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Tiredness and Anxiety: What You Can Do About Your Fatigue

Micah Abraham, BSc

Written by

Micah Abraham, BSc

Last updated October 10th, 2020

Tiredness and Anxiety: What You Can Do About Your Fatigue

Anxiety is naturally tiring because it causes ups and downs in your energy levels, which can leave you feeling incredibly drained. Some people feel tired throughout the whole day, while others feel tired only after an anxiety attack. Others feel extreme fatigue, finding they need to take frequent naps in order to regenerate, or feeling as though they can't focus on life because of their tiredness.

Feeling tired is a natural bodily reaction that is often caused by stress and anxiety. In this article, we'll explore the origins of tiredness related to anxiety - and what can be done to fight it.

Causes of Tiredness

Tiredness is natural in life, especially if you are not getting enough sleep; but if you have anxiety, you may end up feeling more exhausted than what is normally expected.

There are many possible reasons to explain why your anxiety is causing tiredness. The most common reasons include:

  • Post-Anxiety Crash The main reason has to do with the crash you feel after your adrenaline runs out. The official name for this phenomenon is adrenal fatigue. Anxiety is like being on high alert. Your body is preparing you to fight or flee; and so the body is flooded with energy in order to respond to a threat. Then, when that adrenaline runs it course, your body goes through a crash that can leave you feeling drained.
  • Post Muscle Tension Anxiety causes profound muscle tension all throughout the day, and often this causes a similar "drained" feeling in which your body feels tired.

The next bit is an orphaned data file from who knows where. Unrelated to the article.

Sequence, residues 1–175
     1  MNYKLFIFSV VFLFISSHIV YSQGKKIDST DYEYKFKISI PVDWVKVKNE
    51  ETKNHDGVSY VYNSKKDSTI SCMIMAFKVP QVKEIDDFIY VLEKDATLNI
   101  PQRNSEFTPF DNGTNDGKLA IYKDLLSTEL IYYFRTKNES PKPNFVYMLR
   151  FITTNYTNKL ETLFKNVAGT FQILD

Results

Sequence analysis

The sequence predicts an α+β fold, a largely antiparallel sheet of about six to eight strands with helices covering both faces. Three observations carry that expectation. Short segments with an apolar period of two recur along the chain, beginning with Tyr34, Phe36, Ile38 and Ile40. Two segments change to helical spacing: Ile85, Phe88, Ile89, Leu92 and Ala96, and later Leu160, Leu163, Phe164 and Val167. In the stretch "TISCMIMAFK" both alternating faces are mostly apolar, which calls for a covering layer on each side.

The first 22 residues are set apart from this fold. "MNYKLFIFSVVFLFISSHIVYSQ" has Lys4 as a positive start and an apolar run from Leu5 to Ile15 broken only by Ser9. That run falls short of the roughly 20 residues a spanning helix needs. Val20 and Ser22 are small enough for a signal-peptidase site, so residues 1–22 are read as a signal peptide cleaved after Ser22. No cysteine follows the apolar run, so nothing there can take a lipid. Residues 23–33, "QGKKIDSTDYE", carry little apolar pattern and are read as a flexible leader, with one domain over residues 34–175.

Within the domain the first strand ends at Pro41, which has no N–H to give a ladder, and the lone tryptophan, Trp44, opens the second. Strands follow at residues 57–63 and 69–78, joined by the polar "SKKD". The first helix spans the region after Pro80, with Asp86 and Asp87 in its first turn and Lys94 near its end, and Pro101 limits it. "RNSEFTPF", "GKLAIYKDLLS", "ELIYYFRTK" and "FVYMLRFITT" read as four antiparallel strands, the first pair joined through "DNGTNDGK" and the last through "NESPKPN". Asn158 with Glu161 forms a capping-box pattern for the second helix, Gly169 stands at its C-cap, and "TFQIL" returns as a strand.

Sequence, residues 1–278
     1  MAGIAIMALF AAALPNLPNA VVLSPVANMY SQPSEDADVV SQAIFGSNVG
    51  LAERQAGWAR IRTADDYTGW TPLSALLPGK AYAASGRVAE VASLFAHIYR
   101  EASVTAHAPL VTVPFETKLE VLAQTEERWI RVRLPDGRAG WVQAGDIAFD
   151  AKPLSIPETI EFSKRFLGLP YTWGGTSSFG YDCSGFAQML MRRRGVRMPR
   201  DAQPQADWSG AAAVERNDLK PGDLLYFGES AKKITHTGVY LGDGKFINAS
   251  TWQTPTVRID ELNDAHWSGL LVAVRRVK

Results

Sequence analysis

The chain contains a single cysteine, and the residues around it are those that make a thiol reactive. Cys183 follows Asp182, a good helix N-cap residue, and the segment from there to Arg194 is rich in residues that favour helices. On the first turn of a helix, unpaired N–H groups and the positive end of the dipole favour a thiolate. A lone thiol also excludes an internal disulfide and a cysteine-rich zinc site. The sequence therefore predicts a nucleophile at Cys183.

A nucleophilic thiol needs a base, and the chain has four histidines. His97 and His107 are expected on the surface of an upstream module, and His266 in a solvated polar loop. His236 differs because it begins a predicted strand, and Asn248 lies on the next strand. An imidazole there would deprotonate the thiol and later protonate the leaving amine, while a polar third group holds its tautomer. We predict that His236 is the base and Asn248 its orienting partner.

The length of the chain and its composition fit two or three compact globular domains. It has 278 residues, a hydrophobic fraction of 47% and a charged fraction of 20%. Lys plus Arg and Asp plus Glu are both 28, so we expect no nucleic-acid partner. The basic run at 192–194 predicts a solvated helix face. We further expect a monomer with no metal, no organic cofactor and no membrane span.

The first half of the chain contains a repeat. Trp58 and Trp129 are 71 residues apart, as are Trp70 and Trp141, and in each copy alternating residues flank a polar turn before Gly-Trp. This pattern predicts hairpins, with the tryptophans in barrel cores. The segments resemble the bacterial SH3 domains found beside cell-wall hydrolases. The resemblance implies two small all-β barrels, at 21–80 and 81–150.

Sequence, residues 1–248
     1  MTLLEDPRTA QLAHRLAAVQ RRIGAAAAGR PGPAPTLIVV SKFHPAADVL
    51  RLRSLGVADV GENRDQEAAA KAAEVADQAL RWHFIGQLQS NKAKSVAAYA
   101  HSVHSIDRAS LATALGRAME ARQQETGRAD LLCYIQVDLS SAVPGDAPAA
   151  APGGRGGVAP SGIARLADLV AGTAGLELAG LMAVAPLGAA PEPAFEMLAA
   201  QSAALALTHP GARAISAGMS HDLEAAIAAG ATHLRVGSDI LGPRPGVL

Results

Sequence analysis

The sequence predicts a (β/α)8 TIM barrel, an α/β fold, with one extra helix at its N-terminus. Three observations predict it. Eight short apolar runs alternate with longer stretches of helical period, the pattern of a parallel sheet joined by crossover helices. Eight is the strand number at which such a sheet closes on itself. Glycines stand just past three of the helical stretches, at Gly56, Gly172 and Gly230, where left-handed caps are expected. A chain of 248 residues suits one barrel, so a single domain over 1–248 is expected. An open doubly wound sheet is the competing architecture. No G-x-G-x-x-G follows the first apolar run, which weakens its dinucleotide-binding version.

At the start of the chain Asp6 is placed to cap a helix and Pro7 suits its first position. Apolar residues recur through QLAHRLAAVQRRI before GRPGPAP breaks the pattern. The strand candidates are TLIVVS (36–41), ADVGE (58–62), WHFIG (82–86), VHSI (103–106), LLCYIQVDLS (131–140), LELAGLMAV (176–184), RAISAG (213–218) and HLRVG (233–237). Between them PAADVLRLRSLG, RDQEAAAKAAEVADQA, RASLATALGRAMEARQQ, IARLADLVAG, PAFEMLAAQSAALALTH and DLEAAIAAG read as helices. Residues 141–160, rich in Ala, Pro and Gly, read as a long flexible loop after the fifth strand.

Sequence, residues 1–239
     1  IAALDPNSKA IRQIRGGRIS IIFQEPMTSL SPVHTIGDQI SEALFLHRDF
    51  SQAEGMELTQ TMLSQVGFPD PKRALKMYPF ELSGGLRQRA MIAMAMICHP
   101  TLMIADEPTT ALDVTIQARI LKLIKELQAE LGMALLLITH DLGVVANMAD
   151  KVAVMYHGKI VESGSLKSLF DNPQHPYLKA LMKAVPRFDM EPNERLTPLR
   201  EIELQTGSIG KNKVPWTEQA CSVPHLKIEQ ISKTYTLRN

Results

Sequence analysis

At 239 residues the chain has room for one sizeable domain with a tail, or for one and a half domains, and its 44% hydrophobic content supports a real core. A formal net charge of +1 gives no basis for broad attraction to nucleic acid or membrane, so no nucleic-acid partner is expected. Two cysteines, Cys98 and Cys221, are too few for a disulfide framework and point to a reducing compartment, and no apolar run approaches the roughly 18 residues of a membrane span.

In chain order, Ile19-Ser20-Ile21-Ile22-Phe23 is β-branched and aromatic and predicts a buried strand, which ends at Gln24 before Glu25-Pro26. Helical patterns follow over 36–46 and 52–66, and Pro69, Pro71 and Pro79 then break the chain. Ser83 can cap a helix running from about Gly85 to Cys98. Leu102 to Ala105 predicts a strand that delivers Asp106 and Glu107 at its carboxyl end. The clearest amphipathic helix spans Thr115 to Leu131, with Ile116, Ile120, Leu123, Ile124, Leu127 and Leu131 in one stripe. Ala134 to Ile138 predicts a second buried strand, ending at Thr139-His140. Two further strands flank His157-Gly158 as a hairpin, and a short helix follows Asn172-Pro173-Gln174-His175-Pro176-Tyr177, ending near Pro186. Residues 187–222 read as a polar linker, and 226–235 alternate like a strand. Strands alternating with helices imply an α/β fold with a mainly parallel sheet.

• Mental Tiredness Some of that tiredness is entirely mental, simply because your brain - like a muscle - can also run out of strength. Anxiety is linked to ongoing, stressful thoughts and an overactive brain. Anxiety taxes our cognitive capacities, leading to a drain on our ability to think and react. It also increases our emotional load (due to the distressing thoughts), which means we are both emotionally and mentally drained. So it should come as no surprise that all those thoughts make your body tired to the point where it wants you to rest.
  • Coping Becoming tired is sometimes a coping mechanism that your body uses to prevent you from experiencing severe stress. Tiredness motivates you to take a break and rest, rather than exposing yourself to even more anxiety, which could become even more overwhelming.
  • Inappropriate Naps Do you often nap during the day? Napping can help you overcome fatigue and reduce anxiety, making it a useful habit in many ways. But too much napping makes it harder to sleep at night, which in turn may increase anxiety. Naps should ideally be less than 20 minutes to avoid sleep difficulties at night.